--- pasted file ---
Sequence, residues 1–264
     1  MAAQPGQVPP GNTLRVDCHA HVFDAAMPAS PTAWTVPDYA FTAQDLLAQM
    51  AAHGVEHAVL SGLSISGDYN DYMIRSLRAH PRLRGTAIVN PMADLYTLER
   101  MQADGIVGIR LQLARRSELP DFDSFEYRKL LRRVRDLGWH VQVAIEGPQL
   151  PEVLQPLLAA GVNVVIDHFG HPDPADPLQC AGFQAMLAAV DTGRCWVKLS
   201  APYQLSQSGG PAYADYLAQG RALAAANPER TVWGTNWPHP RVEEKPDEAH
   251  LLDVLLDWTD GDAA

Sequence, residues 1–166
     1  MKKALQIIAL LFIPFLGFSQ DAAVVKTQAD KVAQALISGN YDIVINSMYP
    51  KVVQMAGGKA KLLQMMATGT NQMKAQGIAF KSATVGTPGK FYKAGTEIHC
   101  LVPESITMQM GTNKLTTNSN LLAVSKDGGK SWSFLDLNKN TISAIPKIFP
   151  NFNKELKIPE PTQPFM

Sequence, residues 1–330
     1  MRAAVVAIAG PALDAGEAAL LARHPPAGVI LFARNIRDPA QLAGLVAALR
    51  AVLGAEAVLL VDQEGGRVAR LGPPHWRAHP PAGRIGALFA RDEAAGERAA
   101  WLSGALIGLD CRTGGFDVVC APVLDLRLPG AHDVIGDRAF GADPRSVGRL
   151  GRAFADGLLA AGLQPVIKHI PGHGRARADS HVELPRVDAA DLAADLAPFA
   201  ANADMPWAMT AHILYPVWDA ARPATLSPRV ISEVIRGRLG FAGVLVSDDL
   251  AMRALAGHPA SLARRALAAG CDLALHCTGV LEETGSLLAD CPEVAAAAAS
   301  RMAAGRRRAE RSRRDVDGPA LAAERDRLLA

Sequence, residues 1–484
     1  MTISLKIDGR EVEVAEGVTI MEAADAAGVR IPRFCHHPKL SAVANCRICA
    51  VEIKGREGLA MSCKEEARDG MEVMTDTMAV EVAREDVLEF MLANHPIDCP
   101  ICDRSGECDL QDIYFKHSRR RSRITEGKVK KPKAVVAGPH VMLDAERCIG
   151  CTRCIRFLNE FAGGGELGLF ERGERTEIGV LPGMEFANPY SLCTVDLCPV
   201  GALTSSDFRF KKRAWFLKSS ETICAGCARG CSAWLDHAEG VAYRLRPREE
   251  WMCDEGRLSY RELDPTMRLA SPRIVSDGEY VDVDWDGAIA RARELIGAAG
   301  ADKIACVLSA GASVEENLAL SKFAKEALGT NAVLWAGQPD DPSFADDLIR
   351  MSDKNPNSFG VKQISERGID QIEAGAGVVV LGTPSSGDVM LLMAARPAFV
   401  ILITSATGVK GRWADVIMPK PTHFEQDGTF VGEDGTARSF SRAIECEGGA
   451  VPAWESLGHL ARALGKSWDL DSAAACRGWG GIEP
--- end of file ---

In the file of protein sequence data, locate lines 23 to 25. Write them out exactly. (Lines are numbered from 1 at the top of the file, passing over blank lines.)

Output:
    51  VEIKGREGLA MSCKEEARDG MEVMTDTMAV EVAREDVLEF MLANHPIDCP
   101  ICDRSGECDL QDIYFKHSRR RSRITEGKVK KPKAVVAGPH VMLDAERCIG
   151  CTRCIRFLNE FAGGGELGLF ERGERTEIGV LPGMEFANPY SLCTVDLCPV